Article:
Quote of the week

Although judicial proceedings will generally be bound by the requirements of natural justice to a greater degree than will hearings before administrative tribunals, judicial decision-makers, by virtue of their positions, have nonetheless been granted considerable deference by appellate courts inquiring into the apprehension of bias. This is because judges ‘are assumed to be [people] of conscience and intellectual discipline, capable of judging a particular controversy fairly on the basis of its own circumstances’: The presumption of impartiality carries considerable weight, for as Blackstone opined at p. 361 in Commentaries on the Laws of England III . . . ‘[t]he law will not suppose possibility of bias in a judge, who is already sworn to administer impartial justice, and whose authority greatly depends upon that presumption and idea’. Thus, reviewing courts have been hesitant to make a finding of bias or to perceive a reasonable apprehension of bias on the part of a judge, in the absence of convincing evidence to that effect.

L'Heureux-Dube and McLachlin JJ
Livesey v The New South Wales Bar Association [1983] HCA 17; (1983) 151 CLR 288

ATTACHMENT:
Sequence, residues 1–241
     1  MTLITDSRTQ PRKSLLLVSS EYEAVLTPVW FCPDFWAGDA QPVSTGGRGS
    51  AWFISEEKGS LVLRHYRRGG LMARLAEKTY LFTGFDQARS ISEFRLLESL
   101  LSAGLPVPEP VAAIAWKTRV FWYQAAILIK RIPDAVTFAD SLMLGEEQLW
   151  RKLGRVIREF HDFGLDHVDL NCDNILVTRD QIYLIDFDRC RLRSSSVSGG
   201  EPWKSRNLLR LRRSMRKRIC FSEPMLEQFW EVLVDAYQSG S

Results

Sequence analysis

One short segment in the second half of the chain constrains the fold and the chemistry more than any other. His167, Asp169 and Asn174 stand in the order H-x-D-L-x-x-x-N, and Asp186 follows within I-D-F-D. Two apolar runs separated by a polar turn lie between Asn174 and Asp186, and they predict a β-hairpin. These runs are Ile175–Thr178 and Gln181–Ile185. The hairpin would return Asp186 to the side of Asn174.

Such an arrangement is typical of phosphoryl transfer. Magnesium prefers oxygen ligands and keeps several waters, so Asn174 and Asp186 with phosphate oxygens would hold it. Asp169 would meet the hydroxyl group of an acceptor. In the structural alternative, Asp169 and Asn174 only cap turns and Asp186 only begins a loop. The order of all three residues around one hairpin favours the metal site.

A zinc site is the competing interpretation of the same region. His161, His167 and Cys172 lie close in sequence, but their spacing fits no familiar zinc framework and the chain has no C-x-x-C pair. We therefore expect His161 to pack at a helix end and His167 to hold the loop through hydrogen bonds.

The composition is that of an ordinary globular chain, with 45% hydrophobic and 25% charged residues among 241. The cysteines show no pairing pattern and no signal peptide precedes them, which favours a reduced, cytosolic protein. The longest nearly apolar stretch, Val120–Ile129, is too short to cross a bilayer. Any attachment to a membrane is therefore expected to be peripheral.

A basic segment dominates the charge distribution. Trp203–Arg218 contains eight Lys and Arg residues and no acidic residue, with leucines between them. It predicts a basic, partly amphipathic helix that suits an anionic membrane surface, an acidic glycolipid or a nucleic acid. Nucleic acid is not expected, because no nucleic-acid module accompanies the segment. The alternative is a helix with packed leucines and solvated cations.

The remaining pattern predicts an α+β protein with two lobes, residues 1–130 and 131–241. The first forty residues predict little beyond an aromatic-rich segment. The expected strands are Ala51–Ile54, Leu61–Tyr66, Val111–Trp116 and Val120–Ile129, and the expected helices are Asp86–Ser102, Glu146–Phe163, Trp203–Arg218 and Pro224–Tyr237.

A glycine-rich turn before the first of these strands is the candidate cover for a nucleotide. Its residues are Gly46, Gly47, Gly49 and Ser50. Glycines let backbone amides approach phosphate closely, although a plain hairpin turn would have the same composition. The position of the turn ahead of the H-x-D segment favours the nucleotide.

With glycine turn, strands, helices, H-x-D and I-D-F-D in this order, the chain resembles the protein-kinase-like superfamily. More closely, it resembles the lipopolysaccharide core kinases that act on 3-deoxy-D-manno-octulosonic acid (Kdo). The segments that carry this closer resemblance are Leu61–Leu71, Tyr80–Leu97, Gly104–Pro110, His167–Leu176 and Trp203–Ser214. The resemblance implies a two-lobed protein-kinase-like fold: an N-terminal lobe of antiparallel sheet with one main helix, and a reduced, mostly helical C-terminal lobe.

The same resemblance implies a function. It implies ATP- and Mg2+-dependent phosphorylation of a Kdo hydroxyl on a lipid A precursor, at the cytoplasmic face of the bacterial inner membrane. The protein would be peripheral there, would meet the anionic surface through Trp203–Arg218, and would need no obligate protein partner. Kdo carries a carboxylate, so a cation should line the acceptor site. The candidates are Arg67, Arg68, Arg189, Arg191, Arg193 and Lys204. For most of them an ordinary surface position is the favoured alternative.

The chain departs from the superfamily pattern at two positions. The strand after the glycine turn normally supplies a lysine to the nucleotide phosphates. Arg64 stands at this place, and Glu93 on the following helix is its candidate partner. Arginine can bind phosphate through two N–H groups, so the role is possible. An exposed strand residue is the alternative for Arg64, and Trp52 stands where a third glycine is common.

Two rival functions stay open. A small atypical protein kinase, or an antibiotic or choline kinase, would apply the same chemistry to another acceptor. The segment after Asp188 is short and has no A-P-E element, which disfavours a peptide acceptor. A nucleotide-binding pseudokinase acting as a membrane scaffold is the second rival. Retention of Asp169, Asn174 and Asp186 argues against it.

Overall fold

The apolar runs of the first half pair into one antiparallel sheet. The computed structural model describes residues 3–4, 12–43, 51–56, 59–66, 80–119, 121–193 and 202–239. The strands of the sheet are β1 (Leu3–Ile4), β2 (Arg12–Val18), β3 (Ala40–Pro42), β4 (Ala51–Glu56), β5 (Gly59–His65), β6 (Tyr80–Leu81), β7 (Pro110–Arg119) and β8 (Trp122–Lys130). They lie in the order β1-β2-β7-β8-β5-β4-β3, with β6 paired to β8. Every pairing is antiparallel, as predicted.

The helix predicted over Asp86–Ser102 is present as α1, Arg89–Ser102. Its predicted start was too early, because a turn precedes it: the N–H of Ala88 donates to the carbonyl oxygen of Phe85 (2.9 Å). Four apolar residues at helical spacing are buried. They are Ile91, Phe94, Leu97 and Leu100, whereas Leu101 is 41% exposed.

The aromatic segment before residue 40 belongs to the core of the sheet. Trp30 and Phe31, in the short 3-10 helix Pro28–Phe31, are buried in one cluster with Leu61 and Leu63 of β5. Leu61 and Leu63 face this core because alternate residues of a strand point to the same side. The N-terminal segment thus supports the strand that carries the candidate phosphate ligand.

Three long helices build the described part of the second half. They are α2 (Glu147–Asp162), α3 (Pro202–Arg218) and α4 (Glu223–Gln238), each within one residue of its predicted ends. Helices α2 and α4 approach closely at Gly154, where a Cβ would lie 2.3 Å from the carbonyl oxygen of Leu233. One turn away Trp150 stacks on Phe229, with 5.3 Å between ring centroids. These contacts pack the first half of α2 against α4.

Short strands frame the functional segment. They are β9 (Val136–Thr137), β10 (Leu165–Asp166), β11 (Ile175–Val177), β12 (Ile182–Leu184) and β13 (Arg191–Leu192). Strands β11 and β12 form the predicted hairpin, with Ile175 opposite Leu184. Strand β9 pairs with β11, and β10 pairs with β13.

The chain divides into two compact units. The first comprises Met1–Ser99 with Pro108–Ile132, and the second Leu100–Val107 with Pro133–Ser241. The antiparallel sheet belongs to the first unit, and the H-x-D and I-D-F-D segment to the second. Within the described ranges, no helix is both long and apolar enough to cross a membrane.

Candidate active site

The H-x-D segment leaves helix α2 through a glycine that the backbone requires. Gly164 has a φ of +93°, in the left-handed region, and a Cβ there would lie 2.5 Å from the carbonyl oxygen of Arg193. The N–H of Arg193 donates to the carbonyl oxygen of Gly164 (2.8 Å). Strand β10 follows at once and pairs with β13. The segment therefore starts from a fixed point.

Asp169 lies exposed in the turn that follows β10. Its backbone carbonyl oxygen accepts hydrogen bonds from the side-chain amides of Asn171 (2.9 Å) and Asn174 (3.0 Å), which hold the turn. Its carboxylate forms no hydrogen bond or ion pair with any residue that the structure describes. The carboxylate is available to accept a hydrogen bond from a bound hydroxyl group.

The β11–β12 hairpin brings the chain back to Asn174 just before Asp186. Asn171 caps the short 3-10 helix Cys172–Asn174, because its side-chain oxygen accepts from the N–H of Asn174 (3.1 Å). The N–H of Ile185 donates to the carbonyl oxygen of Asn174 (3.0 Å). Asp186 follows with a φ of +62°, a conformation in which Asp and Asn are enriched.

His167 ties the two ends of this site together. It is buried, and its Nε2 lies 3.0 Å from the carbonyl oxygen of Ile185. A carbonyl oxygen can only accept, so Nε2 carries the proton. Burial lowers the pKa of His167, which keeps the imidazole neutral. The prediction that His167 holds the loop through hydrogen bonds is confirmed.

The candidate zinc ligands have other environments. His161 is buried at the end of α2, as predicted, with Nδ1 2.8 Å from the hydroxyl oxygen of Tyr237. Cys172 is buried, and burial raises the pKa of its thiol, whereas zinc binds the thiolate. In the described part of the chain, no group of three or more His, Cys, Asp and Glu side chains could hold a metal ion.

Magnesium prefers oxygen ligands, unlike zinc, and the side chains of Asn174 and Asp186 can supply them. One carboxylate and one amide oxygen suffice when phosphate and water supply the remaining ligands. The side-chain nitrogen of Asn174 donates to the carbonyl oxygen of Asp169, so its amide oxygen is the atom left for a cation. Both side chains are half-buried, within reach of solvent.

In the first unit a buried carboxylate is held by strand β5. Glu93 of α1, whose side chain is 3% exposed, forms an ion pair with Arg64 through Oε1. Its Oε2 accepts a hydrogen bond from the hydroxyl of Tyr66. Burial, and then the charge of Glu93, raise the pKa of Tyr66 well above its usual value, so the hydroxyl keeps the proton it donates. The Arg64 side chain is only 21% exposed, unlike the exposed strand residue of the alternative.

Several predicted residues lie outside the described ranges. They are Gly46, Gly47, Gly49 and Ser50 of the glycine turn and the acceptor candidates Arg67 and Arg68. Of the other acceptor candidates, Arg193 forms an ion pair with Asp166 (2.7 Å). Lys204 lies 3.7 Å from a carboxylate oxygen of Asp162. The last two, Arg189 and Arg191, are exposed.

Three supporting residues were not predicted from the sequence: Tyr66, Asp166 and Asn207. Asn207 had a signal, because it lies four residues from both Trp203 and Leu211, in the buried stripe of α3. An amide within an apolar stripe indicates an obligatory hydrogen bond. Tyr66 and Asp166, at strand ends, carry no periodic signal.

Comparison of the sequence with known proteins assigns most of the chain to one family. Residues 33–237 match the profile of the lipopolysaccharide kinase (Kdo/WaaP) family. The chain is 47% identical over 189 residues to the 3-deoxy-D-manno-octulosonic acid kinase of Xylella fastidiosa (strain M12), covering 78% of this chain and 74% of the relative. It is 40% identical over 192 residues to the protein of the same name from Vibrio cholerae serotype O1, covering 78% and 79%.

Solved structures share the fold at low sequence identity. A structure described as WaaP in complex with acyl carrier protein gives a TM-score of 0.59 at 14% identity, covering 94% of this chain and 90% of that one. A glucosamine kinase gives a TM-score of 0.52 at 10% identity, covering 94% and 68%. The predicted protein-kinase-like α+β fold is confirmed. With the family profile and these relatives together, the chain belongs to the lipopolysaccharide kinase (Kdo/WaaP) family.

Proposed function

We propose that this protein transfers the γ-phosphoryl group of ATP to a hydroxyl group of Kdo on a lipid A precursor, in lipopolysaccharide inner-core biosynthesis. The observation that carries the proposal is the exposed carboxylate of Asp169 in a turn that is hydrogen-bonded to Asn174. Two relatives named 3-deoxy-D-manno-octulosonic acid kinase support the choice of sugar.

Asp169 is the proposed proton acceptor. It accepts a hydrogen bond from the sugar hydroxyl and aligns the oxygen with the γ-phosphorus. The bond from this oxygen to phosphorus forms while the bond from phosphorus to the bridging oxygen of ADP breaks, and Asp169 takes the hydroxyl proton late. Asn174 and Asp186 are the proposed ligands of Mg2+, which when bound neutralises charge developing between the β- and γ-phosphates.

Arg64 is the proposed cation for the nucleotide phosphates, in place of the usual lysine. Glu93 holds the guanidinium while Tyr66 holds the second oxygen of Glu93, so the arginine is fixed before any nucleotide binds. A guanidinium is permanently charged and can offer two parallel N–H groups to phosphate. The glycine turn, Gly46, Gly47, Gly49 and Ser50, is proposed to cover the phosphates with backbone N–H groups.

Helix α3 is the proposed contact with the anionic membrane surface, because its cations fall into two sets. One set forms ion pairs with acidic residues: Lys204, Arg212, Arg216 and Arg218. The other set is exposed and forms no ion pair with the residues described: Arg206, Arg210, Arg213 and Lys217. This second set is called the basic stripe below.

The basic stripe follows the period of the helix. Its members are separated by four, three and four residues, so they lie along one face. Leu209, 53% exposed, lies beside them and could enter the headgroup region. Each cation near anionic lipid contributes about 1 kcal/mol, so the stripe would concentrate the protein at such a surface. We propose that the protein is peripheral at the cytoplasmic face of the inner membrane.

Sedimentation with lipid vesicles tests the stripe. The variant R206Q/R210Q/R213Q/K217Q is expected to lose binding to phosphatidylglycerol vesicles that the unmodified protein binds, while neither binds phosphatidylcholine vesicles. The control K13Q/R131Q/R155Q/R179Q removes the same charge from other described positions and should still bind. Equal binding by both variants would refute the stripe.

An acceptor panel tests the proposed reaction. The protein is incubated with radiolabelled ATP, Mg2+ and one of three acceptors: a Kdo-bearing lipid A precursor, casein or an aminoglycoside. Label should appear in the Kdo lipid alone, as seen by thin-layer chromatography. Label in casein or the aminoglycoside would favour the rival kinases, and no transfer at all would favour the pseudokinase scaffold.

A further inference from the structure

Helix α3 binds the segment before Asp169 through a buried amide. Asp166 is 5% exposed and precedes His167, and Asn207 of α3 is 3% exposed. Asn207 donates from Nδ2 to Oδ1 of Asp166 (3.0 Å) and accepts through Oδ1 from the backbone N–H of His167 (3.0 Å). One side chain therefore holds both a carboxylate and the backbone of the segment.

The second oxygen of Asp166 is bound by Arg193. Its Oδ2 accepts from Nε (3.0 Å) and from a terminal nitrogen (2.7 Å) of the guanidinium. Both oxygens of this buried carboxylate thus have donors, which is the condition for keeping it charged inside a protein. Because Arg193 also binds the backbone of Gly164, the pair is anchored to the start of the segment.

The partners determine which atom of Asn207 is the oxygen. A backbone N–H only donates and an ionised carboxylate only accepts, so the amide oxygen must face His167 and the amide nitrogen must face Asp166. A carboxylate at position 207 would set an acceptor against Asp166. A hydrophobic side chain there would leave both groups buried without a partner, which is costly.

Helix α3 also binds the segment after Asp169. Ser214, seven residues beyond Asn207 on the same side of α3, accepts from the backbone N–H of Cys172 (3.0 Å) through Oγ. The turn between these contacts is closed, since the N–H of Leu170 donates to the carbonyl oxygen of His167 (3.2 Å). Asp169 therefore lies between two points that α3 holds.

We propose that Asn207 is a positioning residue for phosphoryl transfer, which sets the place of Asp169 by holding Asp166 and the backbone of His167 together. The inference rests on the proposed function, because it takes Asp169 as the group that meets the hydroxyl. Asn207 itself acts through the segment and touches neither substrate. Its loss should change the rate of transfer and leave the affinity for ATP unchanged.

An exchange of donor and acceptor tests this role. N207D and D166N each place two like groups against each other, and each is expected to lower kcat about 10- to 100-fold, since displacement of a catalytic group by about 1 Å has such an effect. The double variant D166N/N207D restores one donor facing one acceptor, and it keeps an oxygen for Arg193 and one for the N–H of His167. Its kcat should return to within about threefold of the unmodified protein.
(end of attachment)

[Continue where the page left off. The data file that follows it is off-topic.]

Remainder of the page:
8 October 2012

It is truly amazing to what levels of depravity President Jacob Zuma manages to make men stoop. On Friday we had the incredible spectacle of the Minister of Public Works, the until-then-relatively-credible former trade union leader Thulas Nxesi, making a complete ass of himself as he tried to defend the fact that taxpayers’ money is being used to build the president a R238-million palace in his home village, Nkandla. Nxesi – instead of being absolutely outraged that his department is being abused to build the president a private palace while the man has the use of at least three massive residences in Pretoria, Cape Town and KwaZulu-Natal – used all manner of excuses to try to justify this blatant looting of the taxpayers’ money. – Justice Malala in The Times

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